Growing Edibles

Growing edibles,  or any plant for that matter, is not difficult or complicated.  The hardest part is quite simply to just get started.  There are a few very basic things you need to decide to get your first vegetable garden growing.


Find a good spot.  You need a lot of sunshine, reasonably good soil and easy access for watering and care

Start small so you can focus and just a few favored plants.  You don’t want to get overwhelmed with the care of a large garden while you learn about your plants, growing conditions, soil and care.

Decide what you want to grow.  If you grow the things you love to eat most you will find yourself more motivated as well as more satisfied with your first efforts.

Dig right in!  Remove sod if necessary and loosen the exposed soil with a shovel or hoe.  You don’t need anything fancy or expensive to get started.  An ordinary shovel will serve multiple purposes.  Add some compost as you loosen the soil to feed your plants.

Purchase starter plants at a garden store to make your first garden easy to start.  Dig planting holes slightly larger than the purchased pots with a hand trowel, which is nothing more than a hand sized shovel.  Remove the plants from their pots, place in the holes, and cover the root ball with the soil you dug out.  Press the soil lightly around your plants and water deeply with a fine spray or drip hose.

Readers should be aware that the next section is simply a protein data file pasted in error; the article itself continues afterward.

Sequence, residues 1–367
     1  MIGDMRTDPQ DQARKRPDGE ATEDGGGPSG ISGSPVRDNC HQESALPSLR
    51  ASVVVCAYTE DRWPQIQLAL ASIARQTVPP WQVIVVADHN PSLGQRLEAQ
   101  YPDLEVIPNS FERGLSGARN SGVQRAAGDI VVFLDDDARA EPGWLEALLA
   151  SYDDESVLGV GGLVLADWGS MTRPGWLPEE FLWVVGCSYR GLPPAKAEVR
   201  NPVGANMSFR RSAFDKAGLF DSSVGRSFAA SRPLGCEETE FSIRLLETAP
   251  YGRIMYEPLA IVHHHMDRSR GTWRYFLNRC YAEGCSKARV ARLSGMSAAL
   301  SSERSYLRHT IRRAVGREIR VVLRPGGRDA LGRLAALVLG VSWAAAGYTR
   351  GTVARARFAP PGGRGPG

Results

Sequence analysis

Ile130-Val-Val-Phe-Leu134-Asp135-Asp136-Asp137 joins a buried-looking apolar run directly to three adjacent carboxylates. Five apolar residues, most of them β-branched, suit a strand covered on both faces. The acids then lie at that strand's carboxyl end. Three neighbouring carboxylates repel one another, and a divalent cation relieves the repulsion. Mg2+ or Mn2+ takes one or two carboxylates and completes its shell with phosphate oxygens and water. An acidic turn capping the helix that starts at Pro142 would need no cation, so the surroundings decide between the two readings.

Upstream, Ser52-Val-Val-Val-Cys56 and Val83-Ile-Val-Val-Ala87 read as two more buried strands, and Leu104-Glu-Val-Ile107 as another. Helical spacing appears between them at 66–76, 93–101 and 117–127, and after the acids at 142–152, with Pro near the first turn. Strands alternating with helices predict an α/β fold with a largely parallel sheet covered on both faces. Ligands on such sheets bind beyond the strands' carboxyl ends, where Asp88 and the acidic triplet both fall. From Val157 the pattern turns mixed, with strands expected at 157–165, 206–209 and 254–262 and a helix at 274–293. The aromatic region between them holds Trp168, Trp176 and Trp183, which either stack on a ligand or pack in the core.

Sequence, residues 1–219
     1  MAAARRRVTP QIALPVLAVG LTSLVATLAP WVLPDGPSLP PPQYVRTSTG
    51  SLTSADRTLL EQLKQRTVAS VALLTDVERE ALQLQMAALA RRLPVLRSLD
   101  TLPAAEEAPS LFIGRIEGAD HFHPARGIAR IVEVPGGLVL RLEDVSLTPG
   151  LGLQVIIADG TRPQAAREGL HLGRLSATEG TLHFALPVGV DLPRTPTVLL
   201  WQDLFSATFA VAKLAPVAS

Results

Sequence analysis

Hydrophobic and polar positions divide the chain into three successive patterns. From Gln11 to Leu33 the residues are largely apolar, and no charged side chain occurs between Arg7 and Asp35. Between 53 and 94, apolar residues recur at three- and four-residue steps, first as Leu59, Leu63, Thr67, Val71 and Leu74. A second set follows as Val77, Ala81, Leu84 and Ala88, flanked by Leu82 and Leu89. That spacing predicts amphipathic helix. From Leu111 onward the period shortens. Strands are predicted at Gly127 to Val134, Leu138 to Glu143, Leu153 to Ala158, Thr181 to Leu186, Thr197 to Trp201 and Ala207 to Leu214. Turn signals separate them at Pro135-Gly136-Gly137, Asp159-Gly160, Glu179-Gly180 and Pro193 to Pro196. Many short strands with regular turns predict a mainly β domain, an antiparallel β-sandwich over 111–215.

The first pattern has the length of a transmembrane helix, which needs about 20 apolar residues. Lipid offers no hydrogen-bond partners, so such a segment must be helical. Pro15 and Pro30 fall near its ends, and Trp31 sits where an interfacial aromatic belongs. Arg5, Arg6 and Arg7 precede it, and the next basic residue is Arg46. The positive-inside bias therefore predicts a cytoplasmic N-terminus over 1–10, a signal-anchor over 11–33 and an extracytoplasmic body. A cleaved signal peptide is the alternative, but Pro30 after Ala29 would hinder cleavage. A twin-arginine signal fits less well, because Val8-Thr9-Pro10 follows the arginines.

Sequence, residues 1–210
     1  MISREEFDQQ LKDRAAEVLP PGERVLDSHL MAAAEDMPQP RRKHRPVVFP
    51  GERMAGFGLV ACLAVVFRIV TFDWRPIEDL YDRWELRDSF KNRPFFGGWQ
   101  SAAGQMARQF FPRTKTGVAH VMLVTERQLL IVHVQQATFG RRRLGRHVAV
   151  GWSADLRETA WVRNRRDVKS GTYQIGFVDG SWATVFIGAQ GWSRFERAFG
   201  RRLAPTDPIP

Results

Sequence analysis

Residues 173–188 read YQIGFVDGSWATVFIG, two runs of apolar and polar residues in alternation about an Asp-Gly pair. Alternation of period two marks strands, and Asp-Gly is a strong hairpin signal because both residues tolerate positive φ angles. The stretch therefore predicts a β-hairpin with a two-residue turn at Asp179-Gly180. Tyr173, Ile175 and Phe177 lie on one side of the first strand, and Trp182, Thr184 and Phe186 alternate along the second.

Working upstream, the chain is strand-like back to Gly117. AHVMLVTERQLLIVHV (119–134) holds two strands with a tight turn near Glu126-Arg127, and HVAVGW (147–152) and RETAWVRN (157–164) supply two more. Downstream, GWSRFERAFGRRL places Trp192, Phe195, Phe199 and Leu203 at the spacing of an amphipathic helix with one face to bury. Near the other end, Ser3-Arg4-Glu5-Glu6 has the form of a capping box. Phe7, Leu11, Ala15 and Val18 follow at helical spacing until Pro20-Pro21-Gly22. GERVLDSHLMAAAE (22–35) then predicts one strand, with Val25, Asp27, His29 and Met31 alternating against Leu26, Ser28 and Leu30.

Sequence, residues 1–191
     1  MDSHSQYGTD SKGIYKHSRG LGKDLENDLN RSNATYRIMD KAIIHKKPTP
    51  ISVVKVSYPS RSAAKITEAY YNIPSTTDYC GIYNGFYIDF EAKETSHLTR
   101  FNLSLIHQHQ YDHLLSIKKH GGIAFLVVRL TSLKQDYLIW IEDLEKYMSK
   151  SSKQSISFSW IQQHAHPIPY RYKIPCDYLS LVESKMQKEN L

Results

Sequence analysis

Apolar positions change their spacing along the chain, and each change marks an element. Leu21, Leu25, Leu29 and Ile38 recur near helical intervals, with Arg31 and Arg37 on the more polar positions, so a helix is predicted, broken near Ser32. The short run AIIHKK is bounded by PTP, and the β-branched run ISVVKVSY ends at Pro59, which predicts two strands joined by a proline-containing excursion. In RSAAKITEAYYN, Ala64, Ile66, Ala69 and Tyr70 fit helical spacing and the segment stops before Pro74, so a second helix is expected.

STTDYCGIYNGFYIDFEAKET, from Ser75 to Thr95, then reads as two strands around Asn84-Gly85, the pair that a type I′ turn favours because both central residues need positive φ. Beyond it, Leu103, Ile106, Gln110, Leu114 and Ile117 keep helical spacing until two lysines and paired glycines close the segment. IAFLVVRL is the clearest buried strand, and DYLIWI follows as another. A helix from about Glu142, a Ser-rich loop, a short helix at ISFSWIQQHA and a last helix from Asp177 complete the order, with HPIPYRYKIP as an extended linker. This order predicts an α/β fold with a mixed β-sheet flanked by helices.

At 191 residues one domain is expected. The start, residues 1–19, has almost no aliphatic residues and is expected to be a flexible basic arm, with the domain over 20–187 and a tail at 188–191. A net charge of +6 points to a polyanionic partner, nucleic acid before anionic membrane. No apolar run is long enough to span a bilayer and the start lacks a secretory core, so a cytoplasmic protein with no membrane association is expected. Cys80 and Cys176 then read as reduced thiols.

Now just make sure your plants get a good soaking once a week, more in hot dry periods.

For your first garden, that is all you really need to do.  Don’t worry too much yet about fertilizing, pinching, pruning or staking.  Plants have a way of taking care of themselves pretty well as long as they are getting enough moisture.  Take your time, if you are enjoying your first little garden there is plenty of time to learn more.  Before you know it you will be confidently expanding your garden space, improving your soil and selecting more edibles to grow.  And when you are ready, you can find all the information you need to grow beautiful delicious vegetables, fruits and herbs.

Sharon Dwyer